Saturday, April 2, 2011

Techshop Seattle

I wish... (no really, first star I see tonight)

But at least the Seattle Times has an article on what it is.
Sadly, the Techshop website does not have any listing for plans to come to Seattle, and I have no desire to uproot my kids and move. So, I'm going to have to take business classes, learn as much autodesk cad/cam as I can find, and save my pennies.

Heh, right now My tool box consists of a leatherman.

I miss my Dad's workshop. After he retired, he worked at the physical plant at a small college in Idaho. The same college I got my teaching degree in.

Dad was the kind of guy who would one day, out of the blue, build a recessed bookshelf right into a wall, or re-tile the kitchen floor, or convert the garage into a family room.

I went to my 8th grade class, and when I got home... the garage was carpeted, sheet rock was applied to what once was a garage door, as well as the rest of the walls, a new arch was cut into the wall and finished with proper trim, electrical outlets added, and the entire thing coated in stucco. A couple bookshelves, a couch, a tv, and our new atari 2600 to complete the picture.

 The only way to tell it had ever NOT been a family room was the smell of new paint. I can only assume he waited till I had left, and had his hired tool ninjas spring from hiding and hustle all day in a mad frenzy, just so he could see the look on my face when I got home.

Over the years, with his tools, I built a sand and water table to demonstrate erosion, a working hovercraft... multiple five feet around hot air balloons made from tissue paper, a mirrored kaleidescope big enough to stand in,  A blue box, a beige box, A cobra phone rheostat frequency switcher, A smoke ring vortex cannon, a breadboard radio, a series of hand made electrical motors, an electroplating glass, a rain jar, an oscilloscope, a potato gun, Several wooden puppets, A bicycle wheel gyroscope, and a whole lot of paper engineering prototypes I could then teach to my classes.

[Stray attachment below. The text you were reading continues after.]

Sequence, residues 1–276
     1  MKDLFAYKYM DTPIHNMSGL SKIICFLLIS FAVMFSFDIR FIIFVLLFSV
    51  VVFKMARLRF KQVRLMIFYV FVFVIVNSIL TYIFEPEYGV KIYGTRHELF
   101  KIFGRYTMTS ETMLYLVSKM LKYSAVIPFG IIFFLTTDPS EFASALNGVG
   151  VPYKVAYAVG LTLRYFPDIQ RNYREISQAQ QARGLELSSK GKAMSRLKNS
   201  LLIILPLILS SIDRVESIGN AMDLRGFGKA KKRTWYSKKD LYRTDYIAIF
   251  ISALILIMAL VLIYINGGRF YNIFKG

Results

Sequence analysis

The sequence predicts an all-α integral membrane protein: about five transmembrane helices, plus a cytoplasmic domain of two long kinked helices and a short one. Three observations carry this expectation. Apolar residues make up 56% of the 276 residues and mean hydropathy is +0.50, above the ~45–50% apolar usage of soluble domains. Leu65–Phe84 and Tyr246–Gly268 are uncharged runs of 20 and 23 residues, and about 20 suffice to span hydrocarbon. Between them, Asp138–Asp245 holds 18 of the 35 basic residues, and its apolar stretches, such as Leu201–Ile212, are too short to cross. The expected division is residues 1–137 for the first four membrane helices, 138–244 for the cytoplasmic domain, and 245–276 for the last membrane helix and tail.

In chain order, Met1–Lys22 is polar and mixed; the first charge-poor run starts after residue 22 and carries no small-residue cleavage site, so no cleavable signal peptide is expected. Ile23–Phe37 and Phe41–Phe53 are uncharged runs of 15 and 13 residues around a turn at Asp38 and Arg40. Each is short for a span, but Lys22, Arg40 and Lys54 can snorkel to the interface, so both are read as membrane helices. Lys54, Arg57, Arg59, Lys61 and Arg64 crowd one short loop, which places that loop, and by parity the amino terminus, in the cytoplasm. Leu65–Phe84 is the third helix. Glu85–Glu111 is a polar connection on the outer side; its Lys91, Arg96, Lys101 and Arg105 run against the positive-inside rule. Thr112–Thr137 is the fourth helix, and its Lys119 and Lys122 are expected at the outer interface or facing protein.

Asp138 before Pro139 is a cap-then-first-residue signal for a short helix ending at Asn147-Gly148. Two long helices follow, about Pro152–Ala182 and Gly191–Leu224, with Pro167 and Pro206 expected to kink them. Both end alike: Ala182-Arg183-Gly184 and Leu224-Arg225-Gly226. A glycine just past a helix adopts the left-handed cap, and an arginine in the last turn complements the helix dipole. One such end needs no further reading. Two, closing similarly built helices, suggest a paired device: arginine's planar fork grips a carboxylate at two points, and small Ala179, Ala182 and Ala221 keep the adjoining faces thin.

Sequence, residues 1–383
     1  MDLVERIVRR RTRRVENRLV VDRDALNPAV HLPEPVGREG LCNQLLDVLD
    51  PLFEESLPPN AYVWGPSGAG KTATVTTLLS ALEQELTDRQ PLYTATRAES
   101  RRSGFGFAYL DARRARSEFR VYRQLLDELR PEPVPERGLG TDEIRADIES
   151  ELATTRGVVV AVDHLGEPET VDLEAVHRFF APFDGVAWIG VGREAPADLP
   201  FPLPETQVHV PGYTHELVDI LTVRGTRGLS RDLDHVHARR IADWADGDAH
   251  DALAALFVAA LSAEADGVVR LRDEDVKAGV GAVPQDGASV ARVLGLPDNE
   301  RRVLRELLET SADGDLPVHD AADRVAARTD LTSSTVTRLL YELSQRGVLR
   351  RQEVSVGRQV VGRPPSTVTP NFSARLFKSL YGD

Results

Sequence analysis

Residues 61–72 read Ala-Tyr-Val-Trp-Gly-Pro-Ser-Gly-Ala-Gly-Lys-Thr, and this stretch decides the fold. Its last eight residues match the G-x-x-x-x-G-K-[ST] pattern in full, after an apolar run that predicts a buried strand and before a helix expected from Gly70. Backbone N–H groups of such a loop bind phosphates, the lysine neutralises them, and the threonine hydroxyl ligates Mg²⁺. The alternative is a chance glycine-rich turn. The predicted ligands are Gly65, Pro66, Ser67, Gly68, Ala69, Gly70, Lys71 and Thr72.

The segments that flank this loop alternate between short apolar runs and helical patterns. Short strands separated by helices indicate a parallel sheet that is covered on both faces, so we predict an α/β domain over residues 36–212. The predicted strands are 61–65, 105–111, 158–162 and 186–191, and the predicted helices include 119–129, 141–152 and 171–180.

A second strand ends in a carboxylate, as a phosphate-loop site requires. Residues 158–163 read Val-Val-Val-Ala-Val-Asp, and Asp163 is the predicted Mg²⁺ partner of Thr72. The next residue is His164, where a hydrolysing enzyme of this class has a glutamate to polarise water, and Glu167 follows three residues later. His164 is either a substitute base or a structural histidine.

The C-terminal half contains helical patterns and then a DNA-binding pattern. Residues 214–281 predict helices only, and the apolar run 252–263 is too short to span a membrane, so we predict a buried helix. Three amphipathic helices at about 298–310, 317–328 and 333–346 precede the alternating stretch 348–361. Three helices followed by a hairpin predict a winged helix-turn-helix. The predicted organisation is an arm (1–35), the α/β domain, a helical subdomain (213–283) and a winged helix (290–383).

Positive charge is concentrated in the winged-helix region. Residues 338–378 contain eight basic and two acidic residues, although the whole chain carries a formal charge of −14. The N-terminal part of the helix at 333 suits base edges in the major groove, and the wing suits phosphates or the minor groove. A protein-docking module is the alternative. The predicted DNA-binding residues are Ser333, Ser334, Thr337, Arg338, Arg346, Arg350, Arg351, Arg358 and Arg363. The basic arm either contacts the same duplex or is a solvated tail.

Now I live in an apartment. I have no tools, and my dad is on the other side of the state. The handymen in my complex fix whatever my leatherman can't handle, something I truly appreciate. Most of the projects I work on now are cut from cardstock with an exacto knife. My soldering iron is so buried in storage, I'm sure I'll never find it.

I must admit, I'm not particularly skilled with hand tools, and I envy those who are. What I do have though, is a strong computer background, a lot of chemestry, physics, and electronics, and I can learn. Cad/cam design is right up my alley. 3d printing,  5 axis routers, laser cutters... THESE are the tools for me.

I want my own techshop so bad I can taste it.


  1. Why not reaching out to TechShop and spearhead the development of it in Seattle. I would support it big time.

  2. I have, actually, I've spoken to two separate people from tech shop and they are not franchising... but they are keeping my name on file.

    I'm hoping to hear more from them. One of the things they need is to raise enough money to set up shop. they are asking for loans that they will payback at 10% interest, along with giving lifetime memberships... Its one of the things I'm saving for.

    Sadly, as I'm an ex-teacher supporting Fiber optic installers as a network technician, I make sure fiber Pon circuits work... I don't particularly make money.

  3. I came across your blog while checking on Seattle TechShop stuff. (FYI, before the recession, a Seattle location was in the works. See
    You may be interested in a new hackerspace in Seattle, Air Light Time & Space:

  4. Thank you, Matt, that looks like a very cool space... absolutely the sort of thing I'm looking for... I'm probably going to make my own, relatively soon (maybe a year of two, tops) I'm right now trying to plan out a way to make a living while doing it. I'll go visit the actual location in the next week or two... in the meantime, I'm forwarding the website to a couple buddies trying to build some interesting things, see if they like it as well.